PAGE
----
Excellent ideas from Gil Friend on the radical business reforms needed to make our economies sustainable.

Rescooped by Eli Levine from Business & Sustainability
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Corporate sustainability: Unilever CEO Polman on ending the “three month rat-race”

Corporate sustainability: Unilever CEO Polman on ending the “three month rat-race” | It Comes Undone-Think About It | Scoop.it
Unilever's CEO talks to Reuters about moving away from a focus on short-term corporate results.

 

Unilever is one of the few multinationals seriously committed to the transition towards a sustainable one-planet economy.


Via Willy De Backer
Eli Levine's insight:

It's funny how by focusing on what you should be focusing on, that you tend to be able to succeed. 

 

We still need to focus on reducing the attention towards profits and financial gain and shifting it to well being, health, survival and well being (at least, from a governing perspective).  However, this is a positive development in the business community and it should be fostered by investors and financiers.

 

The human world is going to have to take a much more mature and holistic view of itself, if it is going to be able to survive, let alone, be able to truly thrive.  That's just the way it's going to be.  And, I can't believe that there are so many conservatives and ideologues out there who will kill themselves off for the sake of not changing or the sake of their unworkable ideas and principles.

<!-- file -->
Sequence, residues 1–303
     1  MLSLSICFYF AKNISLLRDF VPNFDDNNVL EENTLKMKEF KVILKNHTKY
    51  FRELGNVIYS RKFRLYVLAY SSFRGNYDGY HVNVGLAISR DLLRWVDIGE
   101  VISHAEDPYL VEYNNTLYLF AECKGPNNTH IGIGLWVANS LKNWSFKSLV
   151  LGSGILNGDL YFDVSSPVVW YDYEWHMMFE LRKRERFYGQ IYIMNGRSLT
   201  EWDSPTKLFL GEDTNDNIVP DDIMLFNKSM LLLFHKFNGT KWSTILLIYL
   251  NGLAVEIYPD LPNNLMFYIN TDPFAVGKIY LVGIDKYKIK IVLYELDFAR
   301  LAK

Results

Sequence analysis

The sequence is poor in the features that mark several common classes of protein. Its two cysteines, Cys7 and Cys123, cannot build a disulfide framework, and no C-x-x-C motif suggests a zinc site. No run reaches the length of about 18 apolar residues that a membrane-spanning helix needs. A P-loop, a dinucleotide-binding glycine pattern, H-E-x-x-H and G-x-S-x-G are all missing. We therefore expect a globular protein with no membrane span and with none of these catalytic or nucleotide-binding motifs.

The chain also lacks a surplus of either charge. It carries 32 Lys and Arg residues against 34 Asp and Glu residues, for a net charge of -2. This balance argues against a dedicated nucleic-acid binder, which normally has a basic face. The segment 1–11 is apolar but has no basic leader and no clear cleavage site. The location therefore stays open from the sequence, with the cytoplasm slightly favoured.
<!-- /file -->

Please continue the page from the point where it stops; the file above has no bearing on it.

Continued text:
Think about it.

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Rescooped by Eli Levine from Business & Sustainability
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Transforming the corporate sector - fear of the future holding leaders back

Transforming the corporate sector - fear of the future holding leaders back | It Comes Undone-Think About It | Scoop.it
Businesses will stick to the status quo whatever the disastrous consequences unless we build a credible sustainability vision

Via Willy De Backer
Eli Levine's insight:

Even if a new and functional vision of the world were to come up, would they listen?

 

Would they see?

 

We're a species that is perfectly capable of adaptation and self-produced evolution.